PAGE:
Notes: Polyphème was originally one of the countless anonymous figures sculpted to populate La Porte de l’Enfer in the 1880s, where it appeared in the middle of the right-hand leaf.  It might have been the example of the Medici Fountain in the Luxembourg Gardens that gave Rodin the idea of combining this little soul with the two slightly modified figures of L’Eternelle Idole to create a new work, Polyphème, Acis et Galatée

The group illustrates an episode from Ovid's Metamorphoses, the story of the criminal passion of the insanely jealous Cyclops Polyphemus who, braced on one leg, crushes the nymph Galatea and her lover, the young shepherd Acis, under a rock.  The figure on its own, enlarged to twice its size by Lebossé, Rodin’s loyal praticien, was to be reused in many assemblages.  The original posture of the torso, its legs completely amputated in this Étude pour Polyphème, is still discernible, and although the limbs have disappeared Rodin's synthetic approach has retained the movement.  Though described as a study, this work was probably in fact produced after the figure was exhibited to the public, thus emphasizing the importance Rodin gave to all phases of his thinking.  “The Beautiful is like a god, a part of Beauty is the whole of Beauty,” he wrote in 1914.

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Auguste Rodin (1840-1917), Eustache de Saint-Pierre, tête, dernier état, photo courtesy Coskun

41.5 x 25 x 29.9 cm (16 x 10 x 12 in) - Edition: III/IV - Materials: Bronze - Markings: Inscribed A. Rodin, © by Musée Rodin, numbered, dated and stamped with foundry mark - Contact Gallery for Price

Other casts: Calais, Musée des Beaux-Arts; Brooklyn, Museum of Art; Seoul, Rodin Gallery; Los Angeles, Iris and B. Gerald Cantor Foundation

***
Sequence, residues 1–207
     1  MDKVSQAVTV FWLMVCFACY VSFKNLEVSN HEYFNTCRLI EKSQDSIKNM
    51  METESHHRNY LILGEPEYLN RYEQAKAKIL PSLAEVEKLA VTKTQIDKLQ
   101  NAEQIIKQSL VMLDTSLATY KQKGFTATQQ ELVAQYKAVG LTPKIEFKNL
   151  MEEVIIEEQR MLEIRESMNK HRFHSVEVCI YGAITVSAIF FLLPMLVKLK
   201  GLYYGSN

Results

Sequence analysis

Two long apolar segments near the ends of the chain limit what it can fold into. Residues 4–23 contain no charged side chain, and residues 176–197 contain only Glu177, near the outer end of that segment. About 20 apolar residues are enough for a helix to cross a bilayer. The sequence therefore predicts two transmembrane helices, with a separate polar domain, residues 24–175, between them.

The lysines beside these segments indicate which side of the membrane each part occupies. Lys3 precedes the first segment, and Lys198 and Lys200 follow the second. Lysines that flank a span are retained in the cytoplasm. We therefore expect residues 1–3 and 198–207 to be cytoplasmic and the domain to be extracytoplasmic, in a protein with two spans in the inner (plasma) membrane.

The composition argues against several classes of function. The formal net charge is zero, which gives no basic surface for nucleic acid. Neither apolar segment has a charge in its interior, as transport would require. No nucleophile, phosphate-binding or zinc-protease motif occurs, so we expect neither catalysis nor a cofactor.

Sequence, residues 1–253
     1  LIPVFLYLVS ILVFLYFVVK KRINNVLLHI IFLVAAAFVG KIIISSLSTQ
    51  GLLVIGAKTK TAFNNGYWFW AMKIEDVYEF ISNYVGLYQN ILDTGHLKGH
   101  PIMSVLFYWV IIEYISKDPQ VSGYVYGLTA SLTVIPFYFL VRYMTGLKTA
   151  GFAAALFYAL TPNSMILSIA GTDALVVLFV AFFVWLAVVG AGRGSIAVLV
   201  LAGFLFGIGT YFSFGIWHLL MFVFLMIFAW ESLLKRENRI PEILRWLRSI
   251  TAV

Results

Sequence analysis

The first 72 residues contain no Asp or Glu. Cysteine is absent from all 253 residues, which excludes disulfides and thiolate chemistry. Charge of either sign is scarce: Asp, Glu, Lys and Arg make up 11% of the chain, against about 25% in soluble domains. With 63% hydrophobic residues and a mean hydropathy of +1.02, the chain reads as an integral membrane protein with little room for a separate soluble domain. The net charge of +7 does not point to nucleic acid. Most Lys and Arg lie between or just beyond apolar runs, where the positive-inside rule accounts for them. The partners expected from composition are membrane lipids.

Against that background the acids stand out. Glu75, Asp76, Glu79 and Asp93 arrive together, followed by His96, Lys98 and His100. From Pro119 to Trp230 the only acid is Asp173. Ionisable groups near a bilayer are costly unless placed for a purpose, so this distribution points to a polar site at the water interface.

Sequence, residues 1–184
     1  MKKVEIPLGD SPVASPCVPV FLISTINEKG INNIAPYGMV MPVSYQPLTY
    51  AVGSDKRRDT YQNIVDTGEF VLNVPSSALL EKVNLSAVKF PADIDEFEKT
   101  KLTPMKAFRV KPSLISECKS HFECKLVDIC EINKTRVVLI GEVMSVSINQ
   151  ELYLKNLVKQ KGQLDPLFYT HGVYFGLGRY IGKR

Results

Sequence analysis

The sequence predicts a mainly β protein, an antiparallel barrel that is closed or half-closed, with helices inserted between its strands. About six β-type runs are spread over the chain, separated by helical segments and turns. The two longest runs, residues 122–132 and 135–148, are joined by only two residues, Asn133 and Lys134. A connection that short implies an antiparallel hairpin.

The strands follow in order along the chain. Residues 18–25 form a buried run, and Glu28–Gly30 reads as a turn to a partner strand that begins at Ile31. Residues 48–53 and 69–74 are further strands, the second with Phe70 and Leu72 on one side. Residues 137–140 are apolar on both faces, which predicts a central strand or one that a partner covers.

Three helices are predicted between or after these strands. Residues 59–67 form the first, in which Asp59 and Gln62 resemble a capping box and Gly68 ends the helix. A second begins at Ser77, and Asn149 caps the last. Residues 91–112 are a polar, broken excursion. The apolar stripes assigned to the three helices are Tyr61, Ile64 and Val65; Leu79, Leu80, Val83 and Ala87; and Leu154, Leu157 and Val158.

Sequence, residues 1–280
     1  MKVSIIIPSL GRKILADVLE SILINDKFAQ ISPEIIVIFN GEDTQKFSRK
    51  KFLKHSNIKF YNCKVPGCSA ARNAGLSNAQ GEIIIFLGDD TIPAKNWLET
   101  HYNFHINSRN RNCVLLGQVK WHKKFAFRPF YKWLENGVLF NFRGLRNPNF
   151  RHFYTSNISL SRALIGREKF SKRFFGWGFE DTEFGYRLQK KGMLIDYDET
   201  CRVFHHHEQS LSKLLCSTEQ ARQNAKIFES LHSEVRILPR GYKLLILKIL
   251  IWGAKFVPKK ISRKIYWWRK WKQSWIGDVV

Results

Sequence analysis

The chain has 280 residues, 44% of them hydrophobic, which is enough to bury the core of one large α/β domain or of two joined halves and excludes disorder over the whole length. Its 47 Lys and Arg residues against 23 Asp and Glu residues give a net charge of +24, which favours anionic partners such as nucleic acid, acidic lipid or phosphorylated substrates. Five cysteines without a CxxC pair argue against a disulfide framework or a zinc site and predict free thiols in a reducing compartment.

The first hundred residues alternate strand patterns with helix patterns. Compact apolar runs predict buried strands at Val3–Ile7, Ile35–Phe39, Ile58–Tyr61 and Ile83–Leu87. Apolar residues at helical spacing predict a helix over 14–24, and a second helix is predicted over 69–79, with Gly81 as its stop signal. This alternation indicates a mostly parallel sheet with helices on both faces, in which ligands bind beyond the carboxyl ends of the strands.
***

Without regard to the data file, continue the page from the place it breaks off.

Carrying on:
Notes: In 1347, at the end of a year-long siege, the burghers of Calais handed the keys of the town to the victorious King of England.  According to Froissart's chronicles, Eustache de Saint-Pierre was the first to agree to sacrifice his life to the king.  The commissioners of the monument to the burghers of Calais had envisaged him as the only one of them to be so honored; he was also the eldest. 

After making numerous studies, as was his habit, Rodin portrayed a resigned, worn, gaunt figure.  For the face, he turned to his friend, the painter Jean-Charles Cazin.  The hair clearly reveals one of Rodin’s favorite working methods, adding little lumps of clay.  The rope around the neck frames the noble face like a ruff.  Through the tense features Rodin perfectly conveys his contained anguish as Saint-Pierre leads the procession of burghers to their death.

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Auguste Rodin (1840-1917), Femme accroupie et Martyre, photo courtesy Coskun

65 x 40 x 35.5 cm (26 x 16 x 14 in) - Edition: 2/8 - Materials: Bronze - Markings: Inscribed A. Rodin, © by Musée Rodin, numbered, dated and stamped with foundry mark 6 Contact Gallery for Price

Other casts: São Paulo, State Picture Gallery

Notes: This assemblage is composed of two of Rodin's most famous figures: La Martyre, standing upright in this version, and the Femme accroupie with its primitive sensuality.  Both figures were originally modelled for La Porte de l’Enfer, where they each appear twice: once they appear together on the tympanum to the right of Le Penseur.  Both were favorite figures of Rodin, reused many times.